It's rare for museums to have cozy dining rooms, but the Charles Allis Art Museum wasn't always a museum. Earlier in the 20th century, it was businessman and arts patron Charles Allis's Tudor-style mansion. Allis bequeathed it to the public along with his massive art collection, though, and nowadays, visitors can stop by to see pieces that span 2,000 years. Some highlights? Works by Winslow Homer, Classic antiquities, a large collection of Asian ceramics, plus rotating exhibits by local Wisconsin artists.
The Villa Terrace Decorative Arts Museum nestles in a historic mansion, too, albeit a different one. This one was built in the likeness of an Italian Renaissance villa in 1923, by architect David Adler. Its art spans a smaller period, from the 15th century through to the 18th. Visitors can browse wrought-iron work by Cyril Colnik, and explore a formal, outdoor Renaissance garden.
In 1977, a group of Milwaukee’s sailors responded to its city’s lack of a public sailing institution by banding together with county officials to create a not-for-profit organization accessible to everyone. The Milwaukee Community Sailing Center has continued to uphold this original vision of granting everyone—regardless of age, physical ability, or financial means—a chance to develop sailing skills while exploring Lake Michigan’s aqueous expanses. Since its founding, it has imparted its knowledge upon upwards of 100,000 student via hands-on classes and private lessons.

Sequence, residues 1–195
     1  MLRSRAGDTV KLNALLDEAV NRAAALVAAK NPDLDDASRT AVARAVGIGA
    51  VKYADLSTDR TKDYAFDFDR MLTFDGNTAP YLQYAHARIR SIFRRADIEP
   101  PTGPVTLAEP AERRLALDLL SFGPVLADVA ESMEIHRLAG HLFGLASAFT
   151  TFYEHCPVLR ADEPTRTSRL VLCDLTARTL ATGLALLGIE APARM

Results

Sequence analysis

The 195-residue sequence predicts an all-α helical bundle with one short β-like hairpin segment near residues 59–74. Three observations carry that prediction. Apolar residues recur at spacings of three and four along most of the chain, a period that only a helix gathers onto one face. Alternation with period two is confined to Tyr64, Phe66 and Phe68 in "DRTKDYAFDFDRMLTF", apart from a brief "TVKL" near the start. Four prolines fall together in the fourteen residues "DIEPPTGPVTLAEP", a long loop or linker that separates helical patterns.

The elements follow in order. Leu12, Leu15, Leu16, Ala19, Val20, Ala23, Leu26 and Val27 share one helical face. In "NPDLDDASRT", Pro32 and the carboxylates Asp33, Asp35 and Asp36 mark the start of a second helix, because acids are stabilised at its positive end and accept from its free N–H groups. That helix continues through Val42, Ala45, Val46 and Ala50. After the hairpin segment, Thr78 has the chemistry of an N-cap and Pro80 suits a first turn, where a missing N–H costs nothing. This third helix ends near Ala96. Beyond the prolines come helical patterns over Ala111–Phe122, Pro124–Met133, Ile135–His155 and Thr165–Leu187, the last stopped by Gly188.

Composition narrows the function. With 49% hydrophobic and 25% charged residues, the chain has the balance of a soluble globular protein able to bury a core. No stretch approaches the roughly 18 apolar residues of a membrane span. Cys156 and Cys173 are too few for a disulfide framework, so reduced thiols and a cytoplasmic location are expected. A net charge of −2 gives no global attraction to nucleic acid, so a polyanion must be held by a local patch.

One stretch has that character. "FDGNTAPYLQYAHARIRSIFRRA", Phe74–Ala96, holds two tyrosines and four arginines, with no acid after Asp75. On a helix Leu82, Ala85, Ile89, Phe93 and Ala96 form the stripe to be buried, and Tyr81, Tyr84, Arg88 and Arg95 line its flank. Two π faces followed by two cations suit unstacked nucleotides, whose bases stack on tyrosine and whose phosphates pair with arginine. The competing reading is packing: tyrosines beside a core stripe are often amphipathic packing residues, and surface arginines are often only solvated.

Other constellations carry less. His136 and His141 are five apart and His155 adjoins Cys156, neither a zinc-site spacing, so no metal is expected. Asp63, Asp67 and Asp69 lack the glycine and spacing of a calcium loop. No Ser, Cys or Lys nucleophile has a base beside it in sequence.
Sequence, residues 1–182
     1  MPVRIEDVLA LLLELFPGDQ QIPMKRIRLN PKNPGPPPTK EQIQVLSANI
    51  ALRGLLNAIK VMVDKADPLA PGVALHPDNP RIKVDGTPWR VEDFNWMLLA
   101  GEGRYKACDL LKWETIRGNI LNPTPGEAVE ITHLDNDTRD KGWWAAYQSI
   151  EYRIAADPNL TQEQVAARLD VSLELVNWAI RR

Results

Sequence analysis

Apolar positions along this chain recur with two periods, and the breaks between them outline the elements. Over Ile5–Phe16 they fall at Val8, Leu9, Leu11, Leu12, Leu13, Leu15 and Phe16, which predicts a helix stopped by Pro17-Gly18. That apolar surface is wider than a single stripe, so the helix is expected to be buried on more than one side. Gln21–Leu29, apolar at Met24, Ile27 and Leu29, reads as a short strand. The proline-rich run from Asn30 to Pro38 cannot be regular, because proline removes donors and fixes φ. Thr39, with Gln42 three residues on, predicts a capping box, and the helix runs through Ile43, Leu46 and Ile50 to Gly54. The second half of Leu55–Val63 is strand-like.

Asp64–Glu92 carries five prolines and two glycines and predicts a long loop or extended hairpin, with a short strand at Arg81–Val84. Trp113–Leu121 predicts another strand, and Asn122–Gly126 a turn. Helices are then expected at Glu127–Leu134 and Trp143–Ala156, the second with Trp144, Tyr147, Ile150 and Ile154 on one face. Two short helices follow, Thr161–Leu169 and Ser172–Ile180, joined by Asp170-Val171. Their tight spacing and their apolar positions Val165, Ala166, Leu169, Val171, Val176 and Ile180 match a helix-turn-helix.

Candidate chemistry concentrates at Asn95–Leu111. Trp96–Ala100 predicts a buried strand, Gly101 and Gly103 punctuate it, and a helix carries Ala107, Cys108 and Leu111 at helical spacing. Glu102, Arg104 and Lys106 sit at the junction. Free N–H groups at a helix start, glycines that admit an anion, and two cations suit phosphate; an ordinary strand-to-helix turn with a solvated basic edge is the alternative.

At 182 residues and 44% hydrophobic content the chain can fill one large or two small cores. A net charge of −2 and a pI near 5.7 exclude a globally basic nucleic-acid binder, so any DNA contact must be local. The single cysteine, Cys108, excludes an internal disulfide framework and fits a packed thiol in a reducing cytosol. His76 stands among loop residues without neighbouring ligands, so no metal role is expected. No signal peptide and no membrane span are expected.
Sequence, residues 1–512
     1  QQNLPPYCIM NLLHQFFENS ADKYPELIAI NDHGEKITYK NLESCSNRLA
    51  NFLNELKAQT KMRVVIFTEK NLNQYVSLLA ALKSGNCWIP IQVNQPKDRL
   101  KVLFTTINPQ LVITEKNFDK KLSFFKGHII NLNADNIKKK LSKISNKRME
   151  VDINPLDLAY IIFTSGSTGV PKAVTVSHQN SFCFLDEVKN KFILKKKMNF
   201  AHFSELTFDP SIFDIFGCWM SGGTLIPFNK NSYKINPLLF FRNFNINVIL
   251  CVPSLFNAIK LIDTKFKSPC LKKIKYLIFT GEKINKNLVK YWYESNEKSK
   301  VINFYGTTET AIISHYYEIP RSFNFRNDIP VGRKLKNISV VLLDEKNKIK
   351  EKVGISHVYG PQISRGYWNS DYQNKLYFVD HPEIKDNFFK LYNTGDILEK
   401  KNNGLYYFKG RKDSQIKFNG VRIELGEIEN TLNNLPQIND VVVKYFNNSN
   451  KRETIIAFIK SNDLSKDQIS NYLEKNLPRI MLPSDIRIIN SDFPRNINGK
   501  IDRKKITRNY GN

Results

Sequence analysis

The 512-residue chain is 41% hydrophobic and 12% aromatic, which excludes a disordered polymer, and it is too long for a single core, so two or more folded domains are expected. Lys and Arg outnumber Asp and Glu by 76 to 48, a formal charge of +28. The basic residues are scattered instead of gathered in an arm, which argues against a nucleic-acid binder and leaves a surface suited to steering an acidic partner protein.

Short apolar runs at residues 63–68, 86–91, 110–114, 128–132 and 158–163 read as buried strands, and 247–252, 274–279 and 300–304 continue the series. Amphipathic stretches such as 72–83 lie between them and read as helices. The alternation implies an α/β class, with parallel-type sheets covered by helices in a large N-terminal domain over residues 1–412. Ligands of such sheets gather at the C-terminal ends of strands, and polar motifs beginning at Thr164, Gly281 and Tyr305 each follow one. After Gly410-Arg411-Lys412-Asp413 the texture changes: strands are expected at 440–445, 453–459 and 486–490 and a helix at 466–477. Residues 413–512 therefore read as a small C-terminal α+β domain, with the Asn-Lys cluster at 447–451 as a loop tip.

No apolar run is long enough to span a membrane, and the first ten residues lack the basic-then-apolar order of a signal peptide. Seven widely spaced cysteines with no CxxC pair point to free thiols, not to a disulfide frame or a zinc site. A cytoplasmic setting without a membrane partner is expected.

Throughout the summer’s balmy months, Milwaukee Community Sailing Center’s experienced and certified staff can be found reviewing boat safety with students during on-shore lessons or calling out instructions to their trainees from within a sailboat cruising around the lake. As winter’s frigid winds rage across the city, a host of off-season winter sessions enables skippers to keep their sea legs toned until spring returns. Bobbing cheerfully in the onsite marina, the center’s seaworthy fleet is comprised of more than 80 meticulously maintained vessels, including sturdy dinghies, cruisers, and saddled-up krakens. The center’s dedication to bringing the community together on the water is further evidenced in its outreach programs, including one designed to help Milwaukee’s at-risk youth turn a new leaf by helping them uncover hidden talents, develop leadership skills, and conquer their fears.
Reservations/Appointments: Not offered
Staff Size: 2?10 people
Parking: Parking lot
Handicap Accessible: Yes
Recommended Age Group: All Ages
Pro Tip: If you call in advance, we can get a docent for your tour.
Most Popular Attraction/Offering: Exhibits on Golda Meir and Jews Who Rock
What is the one feature of your business that you're most proud of?
Jewish Museum Milwaukee has beautiful engaging displays, including the only Marc Chagall tapestry in Milwaukee. This is an epic piece?it's 14'x19') and provides perspective on Jewish history. In addition, our changing exhibits enliven the understanding of the Jewish experience. Every three months, JMM has a totally new display to explore.
Have you ever been a patron of your own business? If so, what was the most enjoyable part?